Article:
31 August 2023 until 11 September 2023
Artist’s Statement – Craig Visser
As an artist there is a vanity in subjecting people to what we create, and exposing oneself to the monstrous or supportive critic. But I am willingly riding that roller-coaster, surfing the rhizomic taskscape, the paradoxical, antagonistic, and yet symbiotic relationships in our world human versus nature versus nurture versus determination. The veneer of identity that shifts or is constructed with a social media post, and forms the narrative of a life. These works take all that and collide with them landscape and still life which form the Boa backdrop to our lives. The work in this exhibition seeks to evaluate and challenge the vanity monsters we create, the presentation of lies in order to sell an ideal. While neatly vacuum packed they are tainted with the reality of life. These consumables are fleeting while the work seeks to make you stop, look and think again.
Statement about vanity monsters
As artists have plucked inspiration and imagery from nature I want to evaluate the impacts this has on the constructs we deliver through social media. Landscape and still life are common tropes and I focus on the detail in these, fragmenting them much the way we present the best fragments of ourselves, the presentation of a lie. Much like artists present a lie of that still life or that landscape which is interpreted by the artists eye, hand, and brushstroke or camera capture. The images are square, making them instagrammable, the place where so much presentation of what we do and who we are happens. The human form is missing from the work (or presented as fragments), the viewer becomes the active players, observing and interacting with the work which awaits its players like the scenery from a theatrical production. I like to think of my work hanging in seedy motel rooms, with ugly over designed wallpaper. With pattern and colour clashes. Similarly real paintings that you find in these rooms are of nature, people are seldomly represented. Motels are places demarcating journeys with my work attempting to act as reminders, as milestones that facilitate movement onward. They act as pieces in a giant puzzle where things don’t always match, are missing or don’t go to plan. They are the chaos in my mind.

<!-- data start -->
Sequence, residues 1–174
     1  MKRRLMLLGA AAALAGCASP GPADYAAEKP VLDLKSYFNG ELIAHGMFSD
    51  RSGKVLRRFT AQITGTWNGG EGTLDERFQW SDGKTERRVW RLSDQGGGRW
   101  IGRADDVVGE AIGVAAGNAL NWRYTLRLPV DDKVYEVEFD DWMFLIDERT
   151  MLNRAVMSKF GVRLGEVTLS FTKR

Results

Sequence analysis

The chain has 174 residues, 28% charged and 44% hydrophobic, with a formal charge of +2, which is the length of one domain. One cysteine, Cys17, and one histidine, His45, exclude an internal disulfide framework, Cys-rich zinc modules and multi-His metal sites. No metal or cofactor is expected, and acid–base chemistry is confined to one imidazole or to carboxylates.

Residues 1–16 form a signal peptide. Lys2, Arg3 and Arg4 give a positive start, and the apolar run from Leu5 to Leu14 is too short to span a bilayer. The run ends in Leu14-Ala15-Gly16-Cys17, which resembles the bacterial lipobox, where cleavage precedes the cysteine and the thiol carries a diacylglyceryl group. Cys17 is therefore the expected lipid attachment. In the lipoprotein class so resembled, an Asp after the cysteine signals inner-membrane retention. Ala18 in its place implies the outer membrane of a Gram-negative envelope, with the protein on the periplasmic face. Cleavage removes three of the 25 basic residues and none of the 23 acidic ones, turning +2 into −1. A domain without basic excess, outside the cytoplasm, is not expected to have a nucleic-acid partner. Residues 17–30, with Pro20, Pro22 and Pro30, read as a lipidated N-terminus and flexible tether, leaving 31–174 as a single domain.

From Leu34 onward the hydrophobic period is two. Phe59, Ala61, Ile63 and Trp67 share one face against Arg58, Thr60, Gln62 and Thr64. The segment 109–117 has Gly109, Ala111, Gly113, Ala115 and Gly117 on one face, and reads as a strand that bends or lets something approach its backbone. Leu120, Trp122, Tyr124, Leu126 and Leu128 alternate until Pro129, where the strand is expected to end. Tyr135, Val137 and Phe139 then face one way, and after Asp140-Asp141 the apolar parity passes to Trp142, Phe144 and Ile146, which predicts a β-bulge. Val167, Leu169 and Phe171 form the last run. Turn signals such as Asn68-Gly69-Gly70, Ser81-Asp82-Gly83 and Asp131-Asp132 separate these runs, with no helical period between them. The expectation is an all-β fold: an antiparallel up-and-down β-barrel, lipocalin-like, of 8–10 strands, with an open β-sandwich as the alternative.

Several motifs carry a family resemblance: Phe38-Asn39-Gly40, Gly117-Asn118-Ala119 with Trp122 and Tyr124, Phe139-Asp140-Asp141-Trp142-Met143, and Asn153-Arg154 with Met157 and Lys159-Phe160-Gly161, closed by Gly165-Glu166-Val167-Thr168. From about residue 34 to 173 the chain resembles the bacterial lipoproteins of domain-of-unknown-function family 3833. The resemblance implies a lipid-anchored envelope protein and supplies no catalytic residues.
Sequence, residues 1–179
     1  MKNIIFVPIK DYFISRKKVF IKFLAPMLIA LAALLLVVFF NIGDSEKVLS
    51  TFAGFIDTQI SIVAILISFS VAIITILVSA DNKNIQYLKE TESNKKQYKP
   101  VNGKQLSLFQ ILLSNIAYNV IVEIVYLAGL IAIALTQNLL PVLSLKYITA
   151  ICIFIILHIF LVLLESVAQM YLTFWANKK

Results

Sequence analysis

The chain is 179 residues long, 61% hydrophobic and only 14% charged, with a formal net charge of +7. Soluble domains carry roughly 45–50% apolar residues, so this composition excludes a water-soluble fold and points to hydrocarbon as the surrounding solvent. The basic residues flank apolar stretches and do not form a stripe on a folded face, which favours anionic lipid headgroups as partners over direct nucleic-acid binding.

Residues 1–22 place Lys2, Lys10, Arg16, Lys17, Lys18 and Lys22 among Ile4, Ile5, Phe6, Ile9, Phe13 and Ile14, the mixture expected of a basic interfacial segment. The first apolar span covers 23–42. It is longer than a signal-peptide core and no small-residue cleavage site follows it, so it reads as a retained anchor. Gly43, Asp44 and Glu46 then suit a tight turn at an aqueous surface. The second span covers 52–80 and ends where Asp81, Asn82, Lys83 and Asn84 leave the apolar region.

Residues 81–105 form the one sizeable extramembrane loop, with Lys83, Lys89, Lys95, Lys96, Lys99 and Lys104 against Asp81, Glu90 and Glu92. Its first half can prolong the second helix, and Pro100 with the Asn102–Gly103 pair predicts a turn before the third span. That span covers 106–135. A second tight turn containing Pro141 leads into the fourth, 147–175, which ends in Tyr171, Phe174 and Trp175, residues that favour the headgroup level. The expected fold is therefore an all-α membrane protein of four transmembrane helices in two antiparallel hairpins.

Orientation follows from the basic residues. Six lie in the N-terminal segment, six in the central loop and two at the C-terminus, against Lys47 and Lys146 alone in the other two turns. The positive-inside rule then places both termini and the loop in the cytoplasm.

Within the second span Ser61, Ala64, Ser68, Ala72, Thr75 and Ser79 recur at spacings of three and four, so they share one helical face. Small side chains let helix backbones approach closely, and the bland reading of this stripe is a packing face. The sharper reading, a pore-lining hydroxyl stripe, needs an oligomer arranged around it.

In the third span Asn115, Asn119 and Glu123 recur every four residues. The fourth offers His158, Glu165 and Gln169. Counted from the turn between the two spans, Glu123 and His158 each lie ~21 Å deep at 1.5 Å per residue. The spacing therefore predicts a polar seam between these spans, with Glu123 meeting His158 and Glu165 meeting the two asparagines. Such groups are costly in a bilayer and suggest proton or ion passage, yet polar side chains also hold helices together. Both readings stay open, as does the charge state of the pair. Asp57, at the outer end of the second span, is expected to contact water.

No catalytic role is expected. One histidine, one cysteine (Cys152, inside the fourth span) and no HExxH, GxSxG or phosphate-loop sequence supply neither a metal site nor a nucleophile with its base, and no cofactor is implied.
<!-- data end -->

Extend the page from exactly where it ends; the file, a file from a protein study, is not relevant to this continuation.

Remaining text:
The work becomes all “look at me, aren’t I pretty?” Mistakes are carefully edited, activity choreographed, blemishes airbrushed to oblivion. The veneer of conformity, our natures editorialised for consumption.
Brief statements about works that draw from my thinking, a flow of thought that may inform the work and set the viewer on a path.
Sharper than a Knife
The vanity inherent in social media, consumption (I want a more expensive handbag, lipstick, designer jacket, car, house, etc, etc), all vanity. Inevitably we become greedy monsters as Giger said – we are monsters. The cost for our vanity is high, the incongruity of servicing our needs against the effort and resources needed to do that. We recycle, yet want diamonds in our ears, on our fingers, gold for the neck, the wrist, even gold on our food. But don’t consider the price the Earth pays and inevitably it’s like cutting our own throats.
The paintings remind me of early 20th century advertisements. Selling an ideal from a bygone age, but updated for a more informed time. But what we sell is just as vacuous, as veneered as those ideals. Background scenery from Disney’s Sleeping Beauty, text from some of the most often used advertising slogans – we are sleeping beauties selling our stuff.
Sea Hydra’s reconstructed as monsters and swimming in a viral sea. Chop off it’s head and two replace it.
Poisonous and deadly plants anointed with clipart holy fire. Ignore what grows in your garden at your peril, and beware what you plant.
Use of 50s children’s text book images, representing a bucolic view of the world following the horrors of World War 2, a view from Eagle’s Nest, trees from the Black Forest where horrific acts were committed; a plague village, trees from Aokigahara-jukai, a view from Yosemite, all with stylised anthrax running through (google these to understand the violence). Not about war but a reminder that beautiful scenery can have a violent past. Taking what we have for granted is fraught with dangers.
The Flesh Eaters
Flesh is the multiplied commodity (the consumer becomes the consumed ad infinitum) like looking down a kaleidoscope, or a Rorschach test (used up to the 1980’s to ascertain homosexual tendencies); you are either the hunter or the hunted.
Setting for a *** film……
Ruben’s would often overpaint or make changes to paintings by other artists that he owned. Taking this idea and extracting elements from Dutch Still Lifes and placing these into incongruous domestic scenes where life is played out, places where narratives are constructed overwriting again, and again..…
Make your own (backdrop)
Images extracted from my paintings, backdrops for your selfie…..